Data And Facts About
the Swiss Media System

March 8, 2013 • Media and Politics • by

Due to the four languages, the sophisticated federalism and the direct democracy, and – last not least – due to a booming advertising branch in the „island of wealth“, Switzerland’s media landscape has flourished and ripened to uniqueness during the last decades. So far, however, a comprehensive analysis of the media system of the country has been missing which would describe and evaluate adequately its peculiarities. Matthias Künzler (University of Zurich) has now closed this gap and compiled all the relevant facts and scientific insights which might help to understand the Swiss media branch as well as the financing and regulation of media in the country. Plurilinguism and being a small state have, however their price, as Künzler demonstrates: The media markets are heavily fragmented. This leads to high costs per piece in media production: Costs are fix  – independently from how many recipients are using a media product. If the number of users is small, the „individual user will have to pay more for media content“, writes Künzler. And the „next door giants“ Germany, France and Italy are close and have a strong influence on media consumption and media development in Switzerland. For example, the market share of Swiss print media sold in the largest chain of newsstands in the country is less than 12 percent, while nearly 63 percent of the sold circulation stems from Germany, close to nine percent from France and more than three percent from Italy.

In television this is not much different. Foreign stations hit a market share among viewers which varies, according to language area, between 60 and 80 percent, and close to two fifth of the advertising expenses are won by foreign broadcasters. Künzler‘s book gives also impressive proof that researchers might be somewhat exaggerating if complaining of quality losses of Swiss journalism or even a decline of media diversity. Nevertheless, such criticism should not be silenced as it has happened recently when the two largest Swiss media conglomerates, Ringier and Tamedia, „engaged“ in unison in non-reporting about the annual yearbook “Qualität der Medien. Schweiz“ (“Quality of the media. Switzerland“) prepared by Kurt Imhof and 60 more researchers. Of course, also Künzler foresees the danger that in the future „the gap between pretension and reality in terms of media diversity” might become bigger. The high number of press titles will turn more and more into ‘make believe pluralism’ if the titles will be produced by fewer newsrooms belonging all to the same few publishing houses “, writes the author. As advertising revenues are dwindling dramatically, the future financing of high quality journalism will remain endangered, and there is also to be expected an increasing concentration in the media industry.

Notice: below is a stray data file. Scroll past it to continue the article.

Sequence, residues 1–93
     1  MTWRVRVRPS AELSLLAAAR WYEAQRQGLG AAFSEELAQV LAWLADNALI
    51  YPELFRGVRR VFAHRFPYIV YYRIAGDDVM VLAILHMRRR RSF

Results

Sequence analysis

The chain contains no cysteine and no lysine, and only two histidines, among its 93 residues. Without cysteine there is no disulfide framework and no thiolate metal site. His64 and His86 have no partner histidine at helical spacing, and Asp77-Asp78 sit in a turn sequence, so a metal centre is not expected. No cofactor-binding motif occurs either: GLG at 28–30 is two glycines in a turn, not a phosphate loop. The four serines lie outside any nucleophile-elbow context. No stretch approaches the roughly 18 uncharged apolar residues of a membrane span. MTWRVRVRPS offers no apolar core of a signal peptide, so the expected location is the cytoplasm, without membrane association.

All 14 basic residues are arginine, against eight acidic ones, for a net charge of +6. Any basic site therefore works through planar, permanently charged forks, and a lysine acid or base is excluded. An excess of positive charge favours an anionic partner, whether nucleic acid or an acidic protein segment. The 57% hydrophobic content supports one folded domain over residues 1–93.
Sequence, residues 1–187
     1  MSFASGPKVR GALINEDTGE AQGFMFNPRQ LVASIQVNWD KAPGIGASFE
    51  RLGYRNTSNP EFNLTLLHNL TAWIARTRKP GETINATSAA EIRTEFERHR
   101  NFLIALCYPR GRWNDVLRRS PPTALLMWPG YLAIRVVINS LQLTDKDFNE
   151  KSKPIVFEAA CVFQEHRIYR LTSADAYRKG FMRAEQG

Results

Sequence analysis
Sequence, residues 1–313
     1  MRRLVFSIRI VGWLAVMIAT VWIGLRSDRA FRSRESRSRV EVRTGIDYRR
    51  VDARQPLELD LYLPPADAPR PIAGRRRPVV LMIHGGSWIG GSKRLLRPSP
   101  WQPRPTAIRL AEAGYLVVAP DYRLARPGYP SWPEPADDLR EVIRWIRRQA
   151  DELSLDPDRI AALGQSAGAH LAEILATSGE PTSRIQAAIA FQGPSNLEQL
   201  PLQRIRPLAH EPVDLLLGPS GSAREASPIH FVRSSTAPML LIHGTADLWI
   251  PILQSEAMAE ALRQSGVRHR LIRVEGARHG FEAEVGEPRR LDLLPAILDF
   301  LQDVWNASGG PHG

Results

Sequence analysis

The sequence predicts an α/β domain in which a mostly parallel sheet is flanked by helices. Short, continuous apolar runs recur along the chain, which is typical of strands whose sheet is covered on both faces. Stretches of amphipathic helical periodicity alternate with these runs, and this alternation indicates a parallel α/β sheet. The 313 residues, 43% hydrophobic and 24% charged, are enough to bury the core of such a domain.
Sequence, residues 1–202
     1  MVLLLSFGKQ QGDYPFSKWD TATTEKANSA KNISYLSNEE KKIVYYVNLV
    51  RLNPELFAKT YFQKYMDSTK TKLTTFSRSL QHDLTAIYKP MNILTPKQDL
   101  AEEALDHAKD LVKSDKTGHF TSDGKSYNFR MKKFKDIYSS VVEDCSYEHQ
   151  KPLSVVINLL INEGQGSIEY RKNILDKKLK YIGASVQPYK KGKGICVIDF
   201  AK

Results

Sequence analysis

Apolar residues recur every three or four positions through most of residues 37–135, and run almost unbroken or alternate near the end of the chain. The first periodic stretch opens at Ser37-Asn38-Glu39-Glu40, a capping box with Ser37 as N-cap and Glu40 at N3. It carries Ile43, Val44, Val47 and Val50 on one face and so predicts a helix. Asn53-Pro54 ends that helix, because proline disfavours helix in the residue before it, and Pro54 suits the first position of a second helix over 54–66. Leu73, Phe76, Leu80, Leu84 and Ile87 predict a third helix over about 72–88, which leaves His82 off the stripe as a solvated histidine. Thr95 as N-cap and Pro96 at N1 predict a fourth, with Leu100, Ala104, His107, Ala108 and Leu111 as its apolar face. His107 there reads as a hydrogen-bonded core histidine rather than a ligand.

One might however argue with Künzler whether the „relevance of public broadcasting as well as partially license-fee funded private broadcasting as guarantors of a public service“ might really grow under such circumstances. Private broadcasters‘ share of the broadcasting fee is so small that one should not expect journalistic miracles. And the Swiss public broadcaster SRG is obviously fulfilling its public service mission better than many others of the scandal-driven public competitors in neighboring countries, given that even the legendary, once commendable BBC is suffering from irreparable reputation damages. Nevertheless, SRG turns online into a direct competitor of private newspaper publishers. Thus, its overwhelming dominance might become part of the problem which Künzler hopes to solve with the help of SRG: Quality journalism most probably won’t be financed online by income generated from advertising. Therefore, publishers have to meet the Herculean challenge of convincing users to pay for their online offers, while month per month for SRG the money is rolling in– a distortion of competition which needs to be corrected. Here, once again it becomes obvious that communications researchers frequently have difficulties in evaluating basic economic facts adequately.

Nevertheless: Künzler analyses very thoroughly the structures and the structural changes of print, radio and television. He also clarifies how public broadcasting in Switzerland differs from the larger competitors in the neighboring countries where political influence is much stronger. The author is condensing his material, focussing clearly on the relevant questions and presenting it in „digestible“ portions. The book is indispensible for everyone who wants to profoundly understand Swiss media and Swiss journalism.

First published in the Neue Zürcher Zeitung on February 26th.

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